Example 1 A foamed polyurethane product serving as supporting layer having a bulk density of 150 kg./m. is produced from:

parts of a polyester prepared by thermal condensation of 2.5 mols of adipic acid, 0.5 mol of phthalic acid, 4 mols of trirnethylol propane; 20 parts of a polyester prepared by thermal condensation of 3 mols of adipic acid, 2 mols of hexanetriol and 2 mols of butylene glycol, 10 parts of activated charcoal which has a water content of 10% and 60 parts of toluylene diisocyanate.

The components are homogeneously mixed with the aid of stirrers and injected into the cavity formed by covering layers. The foaming process is accomplished without the supply of heat.

Example 2 A plate of foamed polyurethane prepared as described in Example 1, is combined with an appropriately shaped covering layer by means of a binder having the following composition:

50 parts of a 75% ethyl acetate solution of a polyester prepared from 3 mols of adipic acid, 4 mols of hexane triol by thermal condensation at l50-220 C., and 50 parts of a 75 ethyl acetate solution of a condensation product prepared from 3 mols of toluylene diisocyanate, 1 mol of trimethylol propane, obtained by two hours heating to C. The covering layer and the core are coated with the binder, the coated parts are left standing for about 30 minutes so that the solvent evaporates and the parts are then united.

Example 3 The hot molding of foamed polyurethane elements coated on one side, which is carried out to obtain curved structural units is accomplished by producing a foamed product as follows:

100 parts of a polyester prepared by thermal condensation of 3 mols of adipic acid, 2 mols of hexanetriol and 2 mols of butylene glycol; parts of activated charcoal having a water content of 10% and 50 parts of toluylene diisocyanate are homogenized and foamed so as to obtain blocks.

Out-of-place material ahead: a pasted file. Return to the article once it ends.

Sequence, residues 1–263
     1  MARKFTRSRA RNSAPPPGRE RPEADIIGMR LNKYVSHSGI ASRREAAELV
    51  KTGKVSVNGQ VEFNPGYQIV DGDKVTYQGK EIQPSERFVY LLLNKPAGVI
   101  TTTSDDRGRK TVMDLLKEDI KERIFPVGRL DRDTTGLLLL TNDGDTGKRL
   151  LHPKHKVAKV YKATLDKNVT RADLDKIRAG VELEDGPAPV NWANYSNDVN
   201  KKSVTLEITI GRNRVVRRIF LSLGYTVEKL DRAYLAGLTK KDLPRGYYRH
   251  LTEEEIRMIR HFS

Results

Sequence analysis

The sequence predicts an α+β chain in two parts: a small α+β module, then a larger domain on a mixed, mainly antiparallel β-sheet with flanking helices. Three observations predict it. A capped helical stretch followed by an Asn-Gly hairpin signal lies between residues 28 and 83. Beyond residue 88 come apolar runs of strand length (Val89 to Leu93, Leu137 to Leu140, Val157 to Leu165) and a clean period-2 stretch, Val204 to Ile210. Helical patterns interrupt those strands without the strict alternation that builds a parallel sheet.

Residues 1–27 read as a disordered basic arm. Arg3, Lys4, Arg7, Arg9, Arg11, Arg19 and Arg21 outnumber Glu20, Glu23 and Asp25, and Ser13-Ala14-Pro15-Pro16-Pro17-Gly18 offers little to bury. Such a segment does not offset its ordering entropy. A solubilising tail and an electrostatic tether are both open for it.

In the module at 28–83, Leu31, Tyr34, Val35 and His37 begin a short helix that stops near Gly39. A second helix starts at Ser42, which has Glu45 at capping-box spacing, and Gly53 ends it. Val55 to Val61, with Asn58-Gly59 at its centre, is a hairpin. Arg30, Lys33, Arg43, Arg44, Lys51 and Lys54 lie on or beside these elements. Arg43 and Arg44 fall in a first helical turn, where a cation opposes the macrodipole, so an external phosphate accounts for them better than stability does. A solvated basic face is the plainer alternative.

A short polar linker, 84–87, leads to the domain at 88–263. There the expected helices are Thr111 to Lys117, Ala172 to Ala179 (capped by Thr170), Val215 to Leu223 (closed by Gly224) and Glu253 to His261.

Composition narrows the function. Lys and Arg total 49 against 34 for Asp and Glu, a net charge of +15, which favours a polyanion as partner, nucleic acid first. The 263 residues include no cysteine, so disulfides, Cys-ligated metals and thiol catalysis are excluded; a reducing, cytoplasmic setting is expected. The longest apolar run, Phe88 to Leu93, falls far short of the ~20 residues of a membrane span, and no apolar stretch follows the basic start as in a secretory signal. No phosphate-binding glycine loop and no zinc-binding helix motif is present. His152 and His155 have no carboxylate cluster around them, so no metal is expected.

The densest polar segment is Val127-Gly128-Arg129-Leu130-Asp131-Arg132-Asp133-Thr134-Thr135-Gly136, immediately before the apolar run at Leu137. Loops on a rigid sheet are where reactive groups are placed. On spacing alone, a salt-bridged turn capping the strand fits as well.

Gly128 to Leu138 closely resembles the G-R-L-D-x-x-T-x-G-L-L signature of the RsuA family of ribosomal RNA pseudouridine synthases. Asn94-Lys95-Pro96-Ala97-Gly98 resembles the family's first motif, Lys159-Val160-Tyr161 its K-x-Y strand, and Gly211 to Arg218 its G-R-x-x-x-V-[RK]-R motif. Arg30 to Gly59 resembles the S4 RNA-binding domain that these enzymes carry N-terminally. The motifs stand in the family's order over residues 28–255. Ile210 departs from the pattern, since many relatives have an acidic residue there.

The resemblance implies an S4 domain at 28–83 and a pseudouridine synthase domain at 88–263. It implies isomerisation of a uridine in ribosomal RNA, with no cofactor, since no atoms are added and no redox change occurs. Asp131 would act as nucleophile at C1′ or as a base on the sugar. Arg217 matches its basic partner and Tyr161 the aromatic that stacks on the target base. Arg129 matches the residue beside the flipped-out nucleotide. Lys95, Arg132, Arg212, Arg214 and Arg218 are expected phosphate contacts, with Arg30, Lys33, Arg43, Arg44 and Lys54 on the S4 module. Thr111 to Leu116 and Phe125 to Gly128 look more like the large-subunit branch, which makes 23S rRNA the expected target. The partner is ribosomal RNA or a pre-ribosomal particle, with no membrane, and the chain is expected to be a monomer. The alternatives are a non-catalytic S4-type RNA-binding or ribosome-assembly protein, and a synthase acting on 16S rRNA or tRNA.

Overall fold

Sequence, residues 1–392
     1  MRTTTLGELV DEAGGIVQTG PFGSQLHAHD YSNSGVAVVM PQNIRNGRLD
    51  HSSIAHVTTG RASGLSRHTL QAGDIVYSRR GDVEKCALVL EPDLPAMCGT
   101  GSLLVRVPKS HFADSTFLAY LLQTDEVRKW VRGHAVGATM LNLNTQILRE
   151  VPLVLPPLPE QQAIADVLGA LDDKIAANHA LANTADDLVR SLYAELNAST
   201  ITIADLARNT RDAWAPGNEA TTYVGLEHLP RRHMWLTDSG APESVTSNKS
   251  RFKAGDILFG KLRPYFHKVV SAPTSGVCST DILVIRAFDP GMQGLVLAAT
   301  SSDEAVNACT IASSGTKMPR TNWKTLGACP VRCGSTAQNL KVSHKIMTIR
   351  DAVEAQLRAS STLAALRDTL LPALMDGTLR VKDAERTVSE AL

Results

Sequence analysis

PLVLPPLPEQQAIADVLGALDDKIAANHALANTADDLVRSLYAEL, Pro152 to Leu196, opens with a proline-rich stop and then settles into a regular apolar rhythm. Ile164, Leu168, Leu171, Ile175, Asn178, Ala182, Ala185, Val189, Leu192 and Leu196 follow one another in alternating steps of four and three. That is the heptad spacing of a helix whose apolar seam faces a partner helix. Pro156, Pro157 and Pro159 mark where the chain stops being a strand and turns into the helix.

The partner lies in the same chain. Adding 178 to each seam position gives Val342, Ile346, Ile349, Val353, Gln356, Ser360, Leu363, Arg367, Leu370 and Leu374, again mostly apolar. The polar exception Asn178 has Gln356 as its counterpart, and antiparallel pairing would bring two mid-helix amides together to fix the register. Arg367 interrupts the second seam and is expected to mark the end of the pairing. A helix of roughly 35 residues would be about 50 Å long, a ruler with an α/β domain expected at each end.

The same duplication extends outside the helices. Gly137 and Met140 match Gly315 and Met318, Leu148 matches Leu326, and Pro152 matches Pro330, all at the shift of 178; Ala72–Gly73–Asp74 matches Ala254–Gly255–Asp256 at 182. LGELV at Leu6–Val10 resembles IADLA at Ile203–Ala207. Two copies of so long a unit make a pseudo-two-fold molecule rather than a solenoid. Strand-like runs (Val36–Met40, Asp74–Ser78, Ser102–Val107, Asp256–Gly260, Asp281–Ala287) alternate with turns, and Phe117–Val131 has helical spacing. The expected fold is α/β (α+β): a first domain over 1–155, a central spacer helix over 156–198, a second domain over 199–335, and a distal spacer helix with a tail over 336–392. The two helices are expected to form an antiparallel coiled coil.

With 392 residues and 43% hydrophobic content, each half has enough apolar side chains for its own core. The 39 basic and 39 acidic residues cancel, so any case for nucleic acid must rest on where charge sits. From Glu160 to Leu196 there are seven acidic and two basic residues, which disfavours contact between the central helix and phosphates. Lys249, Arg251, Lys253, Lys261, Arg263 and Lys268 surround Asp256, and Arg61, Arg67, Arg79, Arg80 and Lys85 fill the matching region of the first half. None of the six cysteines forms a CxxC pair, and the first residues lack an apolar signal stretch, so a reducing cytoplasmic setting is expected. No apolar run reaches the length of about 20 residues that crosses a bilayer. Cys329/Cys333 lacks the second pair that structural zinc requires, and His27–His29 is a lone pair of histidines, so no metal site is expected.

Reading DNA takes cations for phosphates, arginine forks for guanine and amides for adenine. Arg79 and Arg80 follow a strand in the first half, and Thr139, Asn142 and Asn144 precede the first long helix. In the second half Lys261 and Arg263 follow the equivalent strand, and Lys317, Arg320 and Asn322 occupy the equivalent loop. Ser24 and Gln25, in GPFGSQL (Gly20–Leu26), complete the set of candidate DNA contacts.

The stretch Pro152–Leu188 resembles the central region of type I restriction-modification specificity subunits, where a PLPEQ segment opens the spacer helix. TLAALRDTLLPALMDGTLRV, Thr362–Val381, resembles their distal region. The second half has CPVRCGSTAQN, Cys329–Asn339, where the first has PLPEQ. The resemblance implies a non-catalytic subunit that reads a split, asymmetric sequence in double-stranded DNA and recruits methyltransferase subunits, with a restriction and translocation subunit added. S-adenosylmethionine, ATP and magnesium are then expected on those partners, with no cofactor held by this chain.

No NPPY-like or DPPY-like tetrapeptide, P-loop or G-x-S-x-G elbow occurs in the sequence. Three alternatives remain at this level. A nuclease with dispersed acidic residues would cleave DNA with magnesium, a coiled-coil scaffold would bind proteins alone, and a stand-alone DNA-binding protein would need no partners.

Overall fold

Appropriately shaped plates of the desired wall thickness are cut off from the blocks by means of band saws. The plates thus obtained are bonded to the covering layer as described in Example 2. The composite structural plate is then subjected to a temperature of 150 C., removed from the furnace and shaped in the cold.

What is claimed is:

1. A process for producing composite articles comprising in combination a supporting material and a thinwalled covering material, which process comprises coating the inner walls of a cavity defined by said covering material with a foamable mixture yielding a solid polyurethane foam of comparatively high bulk density, and filling the remaining space with a polyurethane foam of comparatively low bulk density to thereby obtain a composite article, the bulk density of which decreases in the direction from the surface to the center.

2. A process for producing plates, shells and shaped elements which comprises applying a binder to a covering material, said binder comprising an hydroxyl polyester and a polyisocyanate, applying a foamable mixture comprising an hydroxyl polyester and a polyisocyanate to said covering material provided with said binder, and allowing said foamable mixture to form a solid polyurethane foam.

3. A process for producing plates, shells and shaped elements which comprises applying a binder to a covering material, said binder comprising an hydroxyl polyester and a polyisocyanate, and applying to said covering mate rial provided with said binder a solid polyurethane foam in the form of a prefabricated element.

References Cited in the file of this patent UNITED STATES PATENTS Kropa et al Nov. 20, 1951 OTHER REFERENCES

Patent Citations
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Referenced by
Citing PatentFiling datePublication dateApplicantTitle
US2983963 *Jul 17, 1956May 16, 1961Electrolux AbMethod of making multidensity expanded plastic body
US2985345 *Aug 29, 1958May 23, 1961Sumner Hiscock GraceDress form structure
US2986536 *Dec 7, 1956May 30, 1961Allied ChemProcess for coloring polyurethane foams
US3013922 *Mar 27, 1957Dec 19, 1961Fisher Pierce Co IncManufacture of plastic articles having spaced shells with reinforced foam filling
US3062757 *Sep 8, 1958Nov 6, 1962Lerner AlvinRigid cellular plastic products and a process for producing same
US3066059 *Sep 3, 1958Nov 27, 1962Adie George MountfordStructural elements
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Classifications
U.S. Classification156/78, 521/172, 264/135, 264/DIG.170, 264/45.3, 156/79
International ClassificationC08J9/02, B29C44/04, B29C67/00
Cooperative ClassificationC08J2375/04, B29C67/00, B29L2031/5263, C08J9/02, B29L2031/005, Y10S264/17, B29K2075/00, B29C44/0461
European ClassificationC08J9/02, B29C67/00, B29C44/04K